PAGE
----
Symbolic Universal Composability, by Florian Böhl and Dominique Unruh
We introduce a variant of the Universal Composability framework (UC; Canetti, FOCS 2001) that uses symbolic cryptography. Two salient properties of the UC framework are secure composition and the possibility of easily defining security by giving an ideal functionality as specification. These advantages are now also available in a symbolic modeling of cryptography, allowing for a modular analysis of complex protocols.
We furthermore introduce a new technique for modular design of protocols that uses UC but avoids the need for powerful cryptographic primitives that often comes with UC protocols; this \"virtual primitives\" approach is unique to the symbolic setting and has no counterpart in the original computational UC framework.
A Verifiable 1-out-of-n Distributed Oblivious Transfer Protocol, by Christian L. F. Corniaux and Hossein Ghodosi
In the various 1-out-of-$n$ distributed oblivious transfer protocols (DOT) designed in an unconditionally secure environment, a receiver contacts $k$ out of $m$ servers to obtain one of the $n$ secrets held by a sender. After a protocol has been executed, the sender has no information on the choice of the receiver and the receiver has no information on the secrets she did not obtain. Likewise, a coalition of $k - 1$ servers is unable to infer any information, neither on the sender\'s secrets, nor on the receiver\'s choice.
These protocols are based on a semi-honest model: no mechanism prevents a group of malicious servers from disrupting the protocol such that the secret obtained by the receiver does not correspond to the chosen secret. Actually, to verify the information transmitted by the servers seems to require some properties difficult to reconcile: on one hand the receiver has to collect more information from the servers to discard the incorrect data generated by the malicious servers; on the other hand, if the receiver is allowed to gather more information from the servers, the sender\'s security may be compromised.
We study the first unconditionally secure DOT protocol in the presence of an active adversary who may corrupt up to $k - 1$ servers. In addition to the active adversary, we also assume that the sender may (passively) corrupt up to $k - 1$ servers to learn the choice of the receiver. Similarly, the receiver may (passively) corrupt up to $k - 1$ servers to learn more than the chosen secret. However, we assume that the sender, receiver, and active adversary do not collaborate with each other. Our DOT protocol allows the receiver to contact $4k - 3$ servers to obtain one secret, while the required security is maintained.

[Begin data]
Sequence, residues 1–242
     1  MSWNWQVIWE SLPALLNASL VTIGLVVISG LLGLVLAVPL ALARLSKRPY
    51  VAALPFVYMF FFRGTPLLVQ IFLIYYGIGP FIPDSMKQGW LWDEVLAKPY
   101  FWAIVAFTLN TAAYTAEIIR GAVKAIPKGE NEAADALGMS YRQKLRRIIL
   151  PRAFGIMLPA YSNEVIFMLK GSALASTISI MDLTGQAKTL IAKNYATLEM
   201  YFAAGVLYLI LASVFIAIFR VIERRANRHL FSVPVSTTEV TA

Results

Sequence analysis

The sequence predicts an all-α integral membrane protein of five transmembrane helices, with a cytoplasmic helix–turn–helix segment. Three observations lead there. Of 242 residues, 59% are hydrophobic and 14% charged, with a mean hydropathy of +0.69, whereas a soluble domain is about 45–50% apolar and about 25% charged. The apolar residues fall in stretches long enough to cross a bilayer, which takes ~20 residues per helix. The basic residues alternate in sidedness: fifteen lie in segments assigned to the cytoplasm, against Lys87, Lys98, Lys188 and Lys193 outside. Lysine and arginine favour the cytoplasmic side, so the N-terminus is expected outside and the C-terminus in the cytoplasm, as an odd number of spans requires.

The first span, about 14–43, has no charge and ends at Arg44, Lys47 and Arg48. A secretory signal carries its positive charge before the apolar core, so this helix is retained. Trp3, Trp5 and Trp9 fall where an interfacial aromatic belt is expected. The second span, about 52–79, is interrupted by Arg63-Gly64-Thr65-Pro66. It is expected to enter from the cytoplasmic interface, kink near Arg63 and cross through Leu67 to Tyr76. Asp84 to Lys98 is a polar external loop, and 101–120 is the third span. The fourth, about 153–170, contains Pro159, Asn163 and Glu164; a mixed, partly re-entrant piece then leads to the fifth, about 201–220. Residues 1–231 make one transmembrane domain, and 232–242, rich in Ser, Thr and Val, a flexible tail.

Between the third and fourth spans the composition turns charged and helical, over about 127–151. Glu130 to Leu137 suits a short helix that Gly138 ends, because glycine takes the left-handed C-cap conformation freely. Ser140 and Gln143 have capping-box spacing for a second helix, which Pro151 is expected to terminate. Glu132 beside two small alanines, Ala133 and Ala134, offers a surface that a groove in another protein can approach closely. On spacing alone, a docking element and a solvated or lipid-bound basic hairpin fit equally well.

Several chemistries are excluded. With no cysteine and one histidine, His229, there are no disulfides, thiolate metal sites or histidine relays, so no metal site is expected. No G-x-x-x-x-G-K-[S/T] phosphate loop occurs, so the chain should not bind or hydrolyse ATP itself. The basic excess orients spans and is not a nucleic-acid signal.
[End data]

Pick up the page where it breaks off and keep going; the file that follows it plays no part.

On FHE without bootstrapping, by Aayush Jain
In this work we come up with two fully homomorphic schemes.
First, we propose an IND-CPA secure symmetric key homomorphic encryption scheme using multivariate polynomial ring over finite fields. This scheme gives a method of constructing a CPA secure homomorphic encryption scheme from another symmetric deterministic CPA secure scheme. We base the security of the scheme on information theoretic arguments and prove the scheme to be IND-CPA secure, rather than basing security on hard problems like Ideal Membership and Gr\\\"obner basis as seen in most polly cracker based schemes which also use multivariate polynomial rings. This scheme is not compact but has many interesting properties. Second, we also describe another similar symmetric key scheme which is compact, fully homomorphic and doesn\'t require bootstrapping. The scheme is on the lines of the work of Albrecht et.al. (Asiacrypt-2011) and is proven to be bounded CPA secure. Proof is based on Ideal Membership/ Ideal Remainder/Gr\\\"obner basis problem.
On the Indifferentiability of Key-Alternating Ciphers, by Elena Andreeva and Andrey Bogdanov and Yevgeniy Dodis and Bart Mennink and John P. Steinberger
The Advanced Encryption Standard (AES) is the most widely used block cipher. The high level structure of AES can be viewed as a (10-round) key-alternating cipher, where a t-round key-alternating cipher KA_t consists of a small number $t$ of fixed permutations P_i on n bits, separated by key addition:
KA_t(K,m)= k_t + P_t(... k_2 + P_2(k_1 + P_1(k_0 + m))...),
where (k_0,...,k_t) are obtained from the master key K using some key derivation function.
For t=1, KA_1 collapses to the well-known Even-Mansour cipher, which is known to be indistinguishable from a (secret) random permutation, if P_1 is modeled as a (public) random permutation. In this work we seek for stronger security of key-alternating ciphers --- indifferentiability from an ideal cipher --- and
ask the question under which conditions on the key derivation function and for how many rounds t is the key-alternating cipher KA_t indifferentiable from the ideal cipher, assuming P_1,...,P_t are (public) random permutations?
As our main result, we give an affirmative answer for t=5, showing that the 5-round key-alternating cipher KA_5 is indifferentiable from an ideal cipher, assuming P_1,...,P_5 are five independent random permutations, and the key derivation function sets all rounds keys
k_i=f(K), where 0
PhD Positions, Vernam Lab at WPI, Worcester, MA
PhD Positions in Applied Cryptology
The Vernam Lab at WPI in Worcester, MA has open PhD positions in applied cryptology. In particular there are two openings in side channel analysis and countermeasure design and implementation.
Candidates should have a Master’s degree in electronics, computer science or applied mathematics, with strong interest in algorithms and signal processing. Prior experience in side channel analysis and embedded software or hardware design is an asset.
We offer a competitive salary and an international cutting-edge research program in an attractive working environment in the greater Boston area. WPI is one of the highest-ranked technical colleges in the US.